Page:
How do I love thee? Let me count the ways. (Sonnet 43)
In "How do I love thee?", the speaker defines herself entirely through the ways in which she loves someone else. Love for another becomes the foundation of her existence. In fact, we think this speaker might go so far as to say "amo, ergo sum" – I love, therefore I am. She certainly wouldn't be the speaker of the poem without her love, or her beloved!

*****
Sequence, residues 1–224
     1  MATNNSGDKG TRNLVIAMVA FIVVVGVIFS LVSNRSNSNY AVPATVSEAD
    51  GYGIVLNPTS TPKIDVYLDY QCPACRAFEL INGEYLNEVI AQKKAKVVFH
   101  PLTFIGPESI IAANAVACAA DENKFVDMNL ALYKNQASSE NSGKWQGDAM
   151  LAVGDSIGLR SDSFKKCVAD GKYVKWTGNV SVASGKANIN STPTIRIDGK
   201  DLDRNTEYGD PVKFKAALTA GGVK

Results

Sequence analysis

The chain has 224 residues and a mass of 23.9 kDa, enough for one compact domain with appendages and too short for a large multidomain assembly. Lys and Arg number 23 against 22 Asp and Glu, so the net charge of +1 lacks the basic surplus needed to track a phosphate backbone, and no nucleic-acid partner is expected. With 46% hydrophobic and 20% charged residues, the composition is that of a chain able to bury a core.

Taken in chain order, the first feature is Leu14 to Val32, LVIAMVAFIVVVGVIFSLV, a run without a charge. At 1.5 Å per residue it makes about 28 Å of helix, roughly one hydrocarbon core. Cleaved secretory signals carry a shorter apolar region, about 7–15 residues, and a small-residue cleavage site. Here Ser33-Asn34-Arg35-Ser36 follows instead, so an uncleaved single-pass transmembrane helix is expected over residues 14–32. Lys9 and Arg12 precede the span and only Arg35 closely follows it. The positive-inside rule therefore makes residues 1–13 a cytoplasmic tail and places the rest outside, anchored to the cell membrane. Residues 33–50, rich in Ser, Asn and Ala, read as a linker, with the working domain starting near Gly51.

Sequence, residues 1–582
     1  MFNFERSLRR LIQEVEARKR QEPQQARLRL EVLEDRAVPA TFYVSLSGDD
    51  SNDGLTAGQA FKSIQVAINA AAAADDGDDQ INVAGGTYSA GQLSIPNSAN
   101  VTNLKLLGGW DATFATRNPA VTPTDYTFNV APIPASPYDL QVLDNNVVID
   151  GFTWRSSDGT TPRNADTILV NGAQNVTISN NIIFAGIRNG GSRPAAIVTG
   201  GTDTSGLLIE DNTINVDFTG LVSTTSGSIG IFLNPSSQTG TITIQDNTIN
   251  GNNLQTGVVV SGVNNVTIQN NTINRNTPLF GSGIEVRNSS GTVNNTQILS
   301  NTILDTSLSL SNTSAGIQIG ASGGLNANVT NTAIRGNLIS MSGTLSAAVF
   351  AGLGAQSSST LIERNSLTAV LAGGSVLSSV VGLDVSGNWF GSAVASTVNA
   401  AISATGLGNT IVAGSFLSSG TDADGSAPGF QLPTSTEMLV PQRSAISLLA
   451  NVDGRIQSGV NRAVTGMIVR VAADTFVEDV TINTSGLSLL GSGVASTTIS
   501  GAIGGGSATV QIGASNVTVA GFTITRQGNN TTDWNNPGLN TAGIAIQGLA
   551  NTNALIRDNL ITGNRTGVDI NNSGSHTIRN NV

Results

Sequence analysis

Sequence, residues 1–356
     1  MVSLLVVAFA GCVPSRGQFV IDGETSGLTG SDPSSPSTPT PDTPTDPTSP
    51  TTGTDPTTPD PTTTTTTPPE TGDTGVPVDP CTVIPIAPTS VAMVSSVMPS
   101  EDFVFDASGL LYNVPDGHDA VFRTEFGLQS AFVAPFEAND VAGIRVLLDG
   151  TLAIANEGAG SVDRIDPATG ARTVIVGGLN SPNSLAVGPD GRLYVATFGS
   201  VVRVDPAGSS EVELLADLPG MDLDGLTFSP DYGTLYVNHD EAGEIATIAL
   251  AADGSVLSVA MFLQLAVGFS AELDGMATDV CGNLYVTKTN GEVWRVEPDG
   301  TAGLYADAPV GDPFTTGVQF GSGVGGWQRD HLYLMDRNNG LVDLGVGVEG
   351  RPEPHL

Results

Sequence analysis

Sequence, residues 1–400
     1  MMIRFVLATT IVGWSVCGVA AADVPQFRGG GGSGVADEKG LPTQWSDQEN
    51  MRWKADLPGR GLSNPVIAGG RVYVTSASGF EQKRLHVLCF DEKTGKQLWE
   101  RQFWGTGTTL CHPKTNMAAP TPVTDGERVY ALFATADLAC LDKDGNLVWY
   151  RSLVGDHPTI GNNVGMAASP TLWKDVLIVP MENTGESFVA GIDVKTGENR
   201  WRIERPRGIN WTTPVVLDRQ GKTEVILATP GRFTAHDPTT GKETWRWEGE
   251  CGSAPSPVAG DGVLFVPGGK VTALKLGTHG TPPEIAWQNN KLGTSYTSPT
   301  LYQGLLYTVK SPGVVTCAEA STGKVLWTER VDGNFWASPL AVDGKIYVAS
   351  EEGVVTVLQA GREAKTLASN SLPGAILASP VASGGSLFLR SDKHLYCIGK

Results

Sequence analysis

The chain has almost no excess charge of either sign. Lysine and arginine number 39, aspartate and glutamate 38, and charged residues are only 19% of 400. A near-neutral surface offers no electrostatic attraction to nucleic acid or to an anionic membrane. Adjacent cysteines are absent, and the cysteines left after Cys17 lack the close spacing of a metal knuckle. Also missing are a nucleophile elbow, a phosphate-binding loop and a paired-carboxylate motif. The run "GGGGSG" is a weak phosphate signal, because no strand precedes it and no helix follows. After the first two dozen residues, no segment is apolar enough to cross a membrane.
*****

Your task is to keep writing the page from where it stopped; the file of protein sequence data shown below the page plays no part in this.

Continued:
Questions About Identity
- What do we actually know about this speaker's personality and characteristics? What do we actually know about her beloved, the person only referred to as "thee"?
- Why aren't there any markers of gender (his, her, she, he) in this poem? How would the poem change if we could be sure of the speaker's and the beloved's gender?
- How is the speaker's identity connected to her experience of love?
Chew on This
The speaker conflates her own existence with her feeling of love; the extent of her soul and the extent of her love are actually the same thing.